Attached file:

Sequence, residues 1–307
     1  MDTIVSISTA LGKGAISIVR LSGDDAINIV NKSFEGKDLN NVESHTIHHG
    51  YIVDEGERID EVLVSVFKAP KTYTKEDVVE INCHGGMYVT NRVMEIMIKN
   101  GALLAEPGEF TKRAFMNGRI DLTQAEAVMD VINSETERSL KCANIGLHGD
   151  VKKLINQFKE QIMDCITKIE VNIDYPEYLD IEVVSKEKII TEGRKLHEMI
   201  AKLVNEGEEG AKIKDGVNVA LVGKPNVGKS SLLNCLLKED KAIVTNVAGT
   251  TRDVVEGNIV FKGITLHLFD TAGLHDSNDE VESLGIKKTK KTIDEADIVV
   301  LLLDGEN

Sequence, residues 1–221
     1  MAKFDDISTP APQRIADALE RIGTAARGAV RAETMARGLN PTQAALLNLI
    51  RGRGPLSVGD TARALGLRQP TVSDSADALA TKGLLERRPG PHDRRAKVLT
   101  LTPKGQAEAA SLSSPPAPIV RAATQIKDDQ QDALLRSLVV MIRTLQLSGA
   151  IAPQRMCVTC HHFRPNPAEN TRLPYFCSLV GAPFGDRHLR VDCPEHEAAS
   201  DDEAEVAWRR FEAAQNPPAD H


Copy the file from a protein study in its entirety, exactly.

Sequence, residues 1–307
     1  MDTIVSISTA LGKGAISIVR LSGDDAINIV NKSFEGKDLN NVESHTIHHG
    51  YIVDEGERID EVLVSVFKAP KTYTKEDVVE INCHGGMYVT NRVMEIMIKN
   101  GALLAEPGEF TKRAFMNGRI DLTQAEAVMD VINSETERSL KCANIGLHGD
   151  VKKLINQFKE QIMDCITKIE VNIDYPEYLD IEVVSKEKII TEGRKLHEMI
   201  AKLVNEGEEG AKIKDGVNVA LVGKPNVGKS SLLNCLLKED KAIVTNVAGT
   251  TRDVVEGNIV FKGITLHLFD TAGLHDSNDE VESLGIKKTK KTIDEADIVV
   301  LLLDGEN

Sequence, residues 1–221
     1  MAKFDDISTP APQRIADALE RIGTAARGAV RAETMARGLN PTQAALLNLI
    51  RGRGPLSVGD TARALGLRQP TVSDSADALA TKGLLERRPG PHDRRAKVLT
   101  LTPKGQAEAA SLSSPPAPIV RAATQIKDDQ QDALLRSLVV MIRTLQLSGA
   151  IAPQRMCVTC HHFRPNPAEN TRLPYFCSLV GAPFGDRHLR VDCPEHEAAS
   201  DDEAEVAWRR FEAAQNPPAD H